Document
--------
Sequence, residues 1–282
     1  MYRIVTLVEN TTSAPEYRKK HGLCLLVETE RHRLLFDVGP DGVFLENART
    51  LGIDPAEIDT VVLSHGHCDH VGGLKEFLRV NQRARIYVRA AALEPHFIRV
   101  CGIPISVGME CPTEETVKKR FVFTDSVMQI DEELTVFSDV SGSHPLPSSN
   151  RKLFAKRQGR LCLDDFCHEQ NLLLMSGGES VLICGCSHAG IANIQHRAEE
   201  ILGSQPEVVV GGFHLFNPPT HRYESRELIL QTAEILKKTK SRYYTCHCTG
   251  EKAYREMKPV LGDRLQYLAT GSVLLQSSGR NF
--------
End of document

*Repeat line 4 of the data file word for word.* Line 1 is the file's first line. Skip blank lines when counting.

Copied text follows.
   101  CGIPISVGME CPTEETVKKR FVFTDSVMQI DEELTVFSDV SGSHPLPSSN